Important political progress was also made in 2005, including at a propitious, but rather unexpected, forum. In particular, the issue came up at the G8 summit in Gleneagles and a declaration was published afterwards. This statement (The Gleneagles Communiqué, 2005), signed by President Bush, states:
Climate change is a serious and long-term challenge that has the potential to affect every part of the globe. We know that increased need and use of energy from fossil fuels and other human activities contribute in large part to increases in greenhouse gasses associated with a warming of our Earth's surface. While uncertainties remain in our understanding of climate science, we know enough to act now to put ourselves on a path to slow and, as the science justifies, stop and then reverse the growth [in concentration] of greenhouse gasses.
The recent book, Collapse, by Jared Diamond (2005) of the University of California has also galvanized the attention of international leaders. In it, Diamond identifies three stages for dealing with a major environmental problem. Stage one in the process is recognizing or acknowledging there is a problem that needs to be addressed. The next stage in the analysis is working out ways of coping with that problem. And the third stage, of course, is taking the necessary steps to address the problem.
At present, the world stands somewhere between stages one and two. Most nations, to differing degrees, agree there is a major problem. Some have ideas about how it should be dealt with and some governments are putting these ideas into practice. While much international action has, in fact, already taken place, beginning with the creation of the IPCC in 1988, the signing of the UN Framework Convention on Climate Change in 1992, the negotiation of the Kyoto Protocol in 1997, and the start of international negotiations for a post-Kyoto framework taking effect in 2012, the world community has not yet reached the point of taking the necessary action.
In some nations, the situation is advancing significantly. In the UK, for example, stage two is well advanced, and a recent MORI poll found that 91 per cent of the British public agrees that climate change is a problem.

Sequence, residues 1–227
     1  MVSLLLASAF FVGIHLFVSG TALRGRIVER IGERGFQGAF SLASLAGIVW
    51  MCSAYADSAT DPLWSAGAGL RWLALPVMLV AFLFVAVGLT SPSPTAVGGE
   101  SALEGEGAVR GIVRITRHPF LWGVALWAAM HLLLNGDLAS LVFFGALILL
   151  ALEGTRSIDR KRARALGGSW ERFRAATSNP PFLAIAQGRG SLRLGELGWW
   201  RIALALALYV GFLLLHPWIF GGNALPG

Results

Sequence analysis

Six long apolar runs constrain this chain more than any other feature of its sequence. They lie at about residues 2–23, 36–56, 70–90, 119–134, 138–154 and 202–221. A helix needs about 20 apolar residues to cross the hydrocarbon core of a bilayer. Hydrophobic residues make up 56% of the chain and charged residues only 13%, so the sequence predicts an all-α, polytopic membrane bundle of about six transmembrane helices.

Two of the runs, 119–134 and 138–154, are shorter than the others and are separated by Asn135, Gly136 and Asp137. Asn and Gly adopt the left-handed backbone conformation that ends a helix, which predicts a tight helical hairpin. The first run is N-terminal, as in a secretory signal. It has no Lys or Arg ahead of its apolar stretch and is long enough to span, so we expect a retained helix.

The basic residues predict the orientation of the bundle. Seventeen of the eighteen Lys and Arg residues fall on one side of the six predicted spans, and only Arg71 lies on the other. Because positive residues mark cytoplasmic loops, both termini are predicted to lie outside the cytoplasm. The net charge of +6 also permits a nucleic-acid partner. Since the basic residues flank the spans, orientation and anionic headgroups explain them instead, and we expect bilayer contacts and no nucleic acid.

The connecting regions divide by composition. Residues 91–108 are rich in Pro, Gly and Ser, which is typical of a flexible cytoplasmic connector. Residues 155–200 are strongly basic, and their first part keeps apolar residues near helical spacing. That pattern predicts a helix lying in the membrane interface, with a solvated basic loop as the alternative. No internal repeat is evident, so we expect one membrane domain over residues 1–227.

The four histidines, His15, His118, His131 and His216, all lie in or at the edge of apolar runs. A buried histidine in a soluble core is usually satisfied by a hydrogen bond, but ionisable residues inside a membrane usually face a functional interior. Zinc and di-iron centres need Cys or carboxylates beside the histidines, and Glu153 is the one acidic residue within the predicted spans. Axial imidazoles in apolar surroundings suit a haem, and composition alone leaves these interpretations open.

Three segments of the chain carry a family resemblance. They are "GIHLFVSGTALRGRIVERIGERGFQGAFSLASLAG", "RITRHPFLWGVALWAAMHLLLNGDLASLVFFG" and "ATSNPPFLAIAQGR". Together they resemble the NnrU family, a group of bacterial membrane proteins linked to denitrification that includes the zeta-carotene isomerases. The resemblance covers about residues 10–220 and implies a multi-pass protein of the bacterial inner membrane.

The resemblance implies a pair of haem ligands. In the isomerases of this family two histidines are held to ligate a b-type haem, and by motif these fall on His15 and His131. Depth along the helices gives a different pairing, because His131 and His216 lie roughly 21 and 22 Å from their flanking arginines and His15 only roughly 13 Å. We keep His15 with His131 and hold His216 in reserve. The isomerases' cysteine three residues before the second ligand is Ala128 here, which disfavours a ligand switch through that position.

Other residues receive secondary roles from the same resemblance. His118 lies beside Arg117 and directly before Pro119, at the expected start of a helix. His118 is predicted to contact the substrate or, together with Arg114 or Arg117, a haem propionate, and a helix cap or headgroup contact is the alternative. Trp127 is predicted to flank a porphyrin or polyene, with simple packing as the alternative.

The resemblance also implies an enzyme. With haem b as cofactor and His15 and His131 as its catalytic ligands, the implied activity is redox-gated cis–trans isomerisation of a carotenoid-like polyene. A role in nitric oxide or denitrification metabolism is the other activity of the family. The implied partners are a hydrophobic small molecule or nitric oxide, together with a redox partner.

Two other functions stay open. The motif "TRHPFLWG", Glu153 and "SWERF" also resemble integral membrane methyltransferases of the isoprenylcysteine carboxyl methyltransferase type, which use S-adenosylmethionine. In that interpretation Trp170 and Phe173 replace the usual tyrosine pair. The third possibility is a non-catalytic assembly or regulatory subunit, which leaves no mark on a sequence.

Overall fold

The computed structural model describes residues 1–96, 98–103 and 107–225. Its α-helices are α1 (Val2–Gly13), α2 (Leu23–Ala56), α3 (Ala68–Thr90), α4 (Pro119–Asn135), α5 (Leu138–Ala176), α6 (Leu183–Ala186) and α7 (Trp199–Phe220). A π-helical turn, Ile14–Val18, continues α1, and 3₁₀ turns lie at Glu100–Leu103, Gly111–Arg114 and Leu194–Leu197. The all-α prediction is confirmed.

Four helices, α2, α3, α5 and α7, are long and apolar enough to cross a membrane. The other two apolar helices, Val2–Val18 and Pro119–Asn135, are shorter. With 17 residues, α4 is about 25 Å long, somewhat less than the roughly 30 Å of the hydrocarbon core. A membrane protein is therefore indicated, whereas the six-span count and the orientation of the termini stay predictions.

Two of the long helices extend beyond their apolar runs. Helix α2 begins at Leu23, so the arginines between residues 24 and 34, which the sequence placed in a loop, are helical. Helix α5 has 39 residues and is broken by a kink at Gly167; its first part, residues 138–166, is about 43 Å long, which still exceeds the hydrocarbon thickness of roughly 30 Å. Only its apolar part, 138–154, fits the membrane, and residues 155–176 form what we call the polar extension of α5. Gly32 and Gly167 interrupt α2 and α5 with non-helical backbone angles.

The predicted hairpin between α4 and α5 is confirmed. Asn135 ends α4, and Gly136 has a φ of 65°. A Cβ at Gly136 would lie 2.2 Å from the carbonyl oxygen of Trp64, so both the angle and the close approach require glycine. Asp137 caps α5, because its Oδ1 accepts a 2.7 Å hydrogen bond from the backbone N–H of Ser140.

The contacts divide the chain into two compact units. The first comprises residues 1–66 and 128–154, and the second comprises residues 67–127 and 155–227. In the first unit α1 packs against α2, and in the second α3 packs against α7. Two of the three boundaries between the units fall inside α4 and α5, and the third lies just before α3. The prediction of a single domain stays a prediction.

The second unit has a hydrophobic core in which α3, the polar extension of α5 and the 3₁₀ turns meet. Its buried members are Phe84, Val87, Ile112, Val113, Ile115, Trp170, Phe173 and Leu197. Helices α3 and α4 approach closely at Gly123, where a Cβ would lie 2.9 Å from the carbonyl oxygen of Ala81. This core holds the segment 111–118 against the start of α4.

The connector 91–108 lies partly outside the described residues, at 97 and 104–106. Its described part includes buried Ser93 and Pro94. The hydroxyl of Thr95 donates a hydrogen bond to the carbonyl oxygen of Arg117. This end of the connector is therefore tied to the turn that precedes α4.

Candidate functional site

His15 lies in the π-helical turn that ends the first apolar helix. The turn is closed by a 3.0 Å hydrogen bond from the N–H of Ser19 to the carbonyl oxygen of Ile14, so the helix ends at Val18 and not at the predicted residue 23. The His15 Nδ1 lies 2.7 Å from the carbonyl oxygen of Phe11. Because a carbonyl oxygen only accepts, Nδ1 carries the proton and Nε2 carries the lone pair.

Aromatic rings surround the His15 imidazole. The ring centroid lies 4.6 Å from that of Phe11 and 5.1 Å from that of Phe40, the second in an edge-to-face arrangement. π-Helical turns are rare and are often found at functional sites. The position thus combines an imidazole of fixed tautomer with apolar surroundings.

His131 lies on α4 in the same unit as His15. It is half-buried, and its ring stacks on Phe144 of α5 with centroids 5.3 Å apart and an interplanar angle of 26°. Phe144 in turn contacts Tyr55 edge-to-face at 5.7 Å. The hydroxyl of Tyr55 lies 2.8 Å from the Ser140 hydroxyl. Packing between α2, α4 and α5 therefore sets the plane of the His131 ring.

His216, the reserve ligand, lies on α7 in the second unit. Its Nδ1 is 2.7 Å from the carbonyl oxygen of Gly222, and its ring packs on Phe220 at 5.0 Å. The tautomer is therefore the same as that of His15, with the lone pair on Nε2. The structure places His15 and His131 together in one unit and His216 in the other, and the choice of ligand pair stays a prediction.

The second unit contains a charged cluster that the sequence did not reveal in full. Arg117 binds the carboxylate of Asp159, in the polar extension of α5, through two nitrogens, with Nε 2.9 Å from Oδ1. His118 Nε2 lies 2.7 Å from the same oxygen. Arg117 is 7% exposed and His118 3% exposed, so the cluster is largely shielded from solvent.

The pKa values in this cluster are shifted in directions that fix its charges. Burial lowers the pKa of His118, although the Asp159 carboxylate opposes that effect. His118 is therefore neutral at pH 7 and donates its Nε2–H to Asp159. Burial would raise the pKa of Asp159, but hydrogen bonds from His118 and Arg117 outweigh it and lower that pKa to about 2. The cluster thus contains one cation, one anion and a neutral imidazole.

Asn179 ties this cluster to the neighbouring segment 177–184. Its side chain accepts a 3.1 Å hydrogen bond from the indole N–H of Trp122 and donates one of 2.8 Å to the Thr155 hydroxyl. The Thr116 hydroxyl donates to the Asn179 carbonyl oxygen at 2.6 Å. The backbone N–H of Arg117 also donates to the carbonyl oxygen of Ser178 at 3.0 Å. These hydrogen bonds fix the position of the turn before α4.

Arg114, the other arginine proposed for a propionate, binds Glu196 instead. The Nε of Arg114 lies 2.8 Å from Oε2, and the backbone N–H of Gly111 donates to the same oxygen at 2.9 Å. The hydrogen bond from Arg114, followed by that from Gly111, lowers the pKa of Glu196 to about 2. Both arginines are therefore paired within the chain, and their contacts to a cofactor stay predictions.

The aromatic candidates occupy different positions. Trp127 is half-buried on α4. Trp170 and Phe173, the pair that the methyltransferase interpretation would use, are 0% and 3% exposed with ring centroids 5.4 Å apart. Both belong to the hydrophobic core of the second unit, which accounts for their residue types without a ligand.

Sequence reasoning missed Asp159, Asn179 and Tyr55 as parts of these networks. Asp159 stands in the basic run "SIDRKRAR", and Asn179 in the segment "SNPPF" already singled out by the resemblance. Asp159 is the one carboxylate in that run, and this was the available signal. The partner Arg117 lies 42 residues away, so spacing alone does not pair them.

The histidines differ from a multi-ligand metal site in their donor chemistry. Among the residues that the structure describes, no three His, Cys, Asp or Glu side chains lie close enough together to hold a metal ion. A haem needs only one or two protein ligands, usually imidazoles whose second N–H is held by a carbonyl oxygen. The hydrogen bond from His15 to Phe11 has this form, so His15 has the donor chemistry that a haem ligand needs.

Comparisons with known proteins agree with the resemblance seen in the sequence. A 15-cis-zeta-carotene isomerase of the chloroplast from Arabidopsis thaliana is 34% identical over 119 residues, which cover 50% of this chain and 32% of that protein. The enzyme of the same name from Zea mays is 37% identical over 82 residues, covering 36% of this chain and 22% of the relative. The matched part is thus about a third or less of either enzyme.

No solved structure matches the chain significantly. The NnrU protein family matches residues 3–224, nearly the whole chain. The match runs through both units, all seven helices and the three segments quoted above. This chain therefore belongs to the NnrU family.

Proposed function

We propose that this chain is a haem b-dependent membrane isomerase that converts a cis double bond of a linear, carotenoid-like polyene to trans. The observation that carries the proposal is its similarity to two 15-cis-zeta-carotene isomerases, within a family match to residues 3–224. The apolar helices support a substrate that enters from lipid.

A similar topical poll in the US might not even reach 75 per cent, although awareness is steadily growing as well. The lack of leadership and delay in action in the US has been a problem, but there are encouraging signs of movement at both the national and state levels. President Bush has referred to the US dependence on fossil fuels and the need to do something about it, and the administration is, to some degree, supporting research on new technologies that would reduce carbon emissions. California and Oregon have passed carbon emission regulations and the states in New England are also moving to cut emissions. The US business community, previously at the forefront in the phasing out of chlorofluorocarbons, is also showing substantial signs of change with companies such as General Electric starting to take action on their own. Things will likely be substantially different after the next presidential election in 2008. Senators McCain and Clinton have both made the long and difficult journey to Svalbard, the Norwegian archipelago in the high Arctic. That these candidates for president think it worthwhile taking the time to see for themselves the rapid changes happening in the Arctic environment is an encouraging sign for future climate legislation.
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